The following section describes safeguards that protect the safety and rights of volunteer subjects. These safeguards include:
a. The Protocol Review Process
b. Informed Consent Procedures
c. The Patient Representative
d. The Patient Bill of Rights
Protocol review. As in any medical research facility, all new protocols must be approved by an institutional review board (IRB) before they can begin. The IRB, which consists of medical specialists, statisticians, nurses, social workers, and medical ethicists, is the advocate of the volunteer subject. The IRB will only approve protocols that address medically important questions in a scientific and responsible manner.
Informed consent. Your participation in any Clinical Center research protocol is voluntary. For every study in which you intend to participate, you will receive a document called “Consent to Participate in a Clinical Research Study” that explains the study in straightforward language. A member of the research team will discuss the protocol with you, explain its details, and answer your questions. Reading and understanding the protocol is your responsibility. You may discuss the protocol with family and friends. You will not be hurried into making a decision, and you will be asked to sign the document only after you understand the nature of the protocol and agree to the commitment. At any time after signing the protocol, you are free to change your mind and decide not to participate further. This means that you are free to withdraw from the study completely, or to refuse particular treatments or tests. Sometimes, however, this will make you ineligible to continue the study. If you are no longer eligible or no longer wish to continue the study, you will return to the care of the doctor who referred you to NIH.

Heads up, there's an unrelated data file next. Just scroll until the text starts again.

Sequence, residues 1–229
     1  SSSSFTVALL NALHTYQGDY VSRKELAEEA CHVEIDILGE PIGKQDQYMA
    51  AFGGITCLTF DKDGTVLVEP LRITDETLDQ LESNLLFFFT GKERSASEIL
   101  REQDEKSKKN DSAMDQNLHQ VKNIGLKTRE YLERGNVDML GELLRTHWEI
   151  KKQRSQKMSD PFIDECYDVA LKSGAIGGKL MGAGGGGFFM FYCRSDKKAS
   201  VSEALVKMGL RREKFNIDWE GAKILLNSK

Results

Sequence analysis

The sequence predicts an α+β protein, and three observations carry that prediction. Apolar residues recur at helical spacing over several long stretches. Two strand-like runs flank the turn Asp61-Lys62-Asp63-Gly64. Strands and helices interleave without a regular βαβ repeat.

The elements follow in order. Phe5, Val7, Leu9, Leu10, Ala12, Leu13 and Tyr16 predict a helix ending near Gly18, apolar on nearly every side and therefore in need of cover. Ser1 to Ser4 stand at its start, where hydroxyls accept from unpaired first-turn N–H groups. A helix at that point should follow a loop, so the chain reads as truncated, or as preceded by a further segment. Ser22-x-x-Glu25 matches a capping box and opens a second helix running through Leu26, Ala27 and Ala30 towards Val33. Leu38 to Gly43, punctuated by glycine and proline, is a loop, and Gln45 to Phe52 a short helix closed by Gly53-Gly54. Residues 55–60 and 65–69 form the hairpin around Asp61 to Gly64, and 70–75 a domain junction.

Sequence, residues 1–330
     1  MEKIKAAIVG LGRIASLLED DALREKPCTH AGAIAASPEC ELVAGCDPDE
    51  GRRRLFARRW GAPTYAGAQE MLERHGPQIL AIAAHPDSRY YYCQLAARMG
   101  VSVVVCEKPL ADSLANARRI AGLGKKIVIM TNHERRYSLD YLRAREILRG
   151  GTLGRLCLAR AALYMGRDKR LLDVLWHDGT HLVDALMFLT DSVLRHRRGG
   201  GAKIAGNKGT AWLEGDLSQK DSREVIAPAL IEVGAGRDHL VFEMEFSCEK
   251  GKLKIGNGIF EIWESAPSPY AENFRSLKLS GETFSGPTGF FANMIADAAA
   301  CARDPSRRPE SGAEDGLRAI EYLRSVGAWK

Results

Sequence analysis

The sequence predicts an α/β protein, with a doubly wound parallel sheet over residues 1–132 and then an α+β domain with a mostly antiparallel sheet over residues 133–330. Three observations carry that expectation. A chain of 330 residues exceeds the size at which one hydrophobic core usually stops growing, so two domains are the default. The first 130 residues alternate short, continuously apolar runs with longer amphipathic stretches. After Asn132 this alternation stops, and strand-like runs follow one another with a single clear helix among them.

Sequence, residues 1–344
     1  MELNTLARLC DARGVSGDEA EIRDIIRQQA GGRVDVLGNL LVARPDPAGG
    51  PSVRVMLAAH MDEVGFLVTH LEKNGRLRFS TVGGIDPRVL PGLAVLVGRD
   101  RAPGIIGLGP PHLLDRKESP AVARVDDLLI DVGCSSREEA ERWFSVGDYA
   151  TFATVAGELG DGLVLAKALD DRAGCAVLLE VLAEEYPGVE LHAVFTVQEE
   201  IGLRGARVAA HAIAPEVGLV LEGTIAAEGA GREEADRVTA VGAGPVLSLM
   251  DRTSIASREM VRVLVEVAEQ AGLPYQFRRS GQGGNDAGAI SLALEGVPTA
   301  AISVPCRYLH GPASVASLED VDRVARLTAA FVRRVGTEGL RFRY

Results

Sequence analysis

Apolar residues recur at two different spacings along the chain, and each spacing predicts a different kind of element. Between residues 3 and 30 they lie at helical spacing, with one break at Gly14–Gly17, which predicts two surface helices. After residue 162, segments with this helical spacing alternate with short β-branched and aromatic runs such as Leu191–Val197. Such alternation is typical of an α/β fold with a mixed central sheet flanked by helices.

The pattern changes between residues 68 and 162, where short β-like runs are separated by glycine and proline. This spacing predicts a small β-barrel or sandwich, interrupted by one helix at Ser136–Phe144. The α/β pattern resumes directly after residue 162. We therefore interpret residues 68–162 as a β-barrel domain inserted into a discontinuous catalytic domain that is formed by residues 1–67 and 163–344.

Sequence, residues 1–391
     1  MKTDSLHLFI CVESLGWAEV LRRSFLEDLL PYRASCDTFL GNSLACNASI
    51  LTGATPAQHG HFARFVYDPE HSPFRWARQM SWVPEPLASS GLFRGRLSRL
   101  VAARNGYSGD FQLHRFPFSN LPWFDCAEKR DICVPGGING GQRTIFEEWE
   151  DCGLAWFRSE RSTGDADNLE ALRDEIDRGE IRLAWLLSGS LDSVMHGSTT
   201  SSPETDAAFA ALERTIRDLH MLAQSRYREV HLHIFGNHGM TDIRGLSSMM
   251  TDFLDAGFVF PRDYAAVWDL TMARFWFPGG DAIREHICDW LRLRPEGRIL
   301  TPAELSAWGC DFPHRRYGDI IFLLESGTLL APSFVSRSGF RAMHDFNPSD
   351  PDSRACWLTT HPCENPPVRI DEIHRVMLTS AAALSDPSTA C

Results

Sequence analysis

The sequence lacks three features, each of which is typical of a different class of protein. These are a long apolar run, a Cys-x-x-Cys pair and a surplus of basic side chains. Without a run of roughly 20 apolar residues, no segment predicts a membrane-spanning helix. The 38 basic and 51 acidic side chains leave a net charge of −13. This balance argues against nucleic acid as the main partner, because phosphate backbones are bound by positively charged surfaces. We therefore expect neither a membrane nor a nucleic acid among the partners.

Bill of Rights. Finally, whether you are a clinical research or a patient volunteer subject, you are protected by the Clinical Center Patients’ Bill of Rights. This document is adapted from the one made by the American Hospital Association for use in all hospitals in the country. The bill of rights concerns the care you receive, privacy, confidentiality, and access to medical records.
For further information about clinical trials please visit the National Institutes of Health webpage at http://www.nih.gov/health/clinicaltrials/basics.htm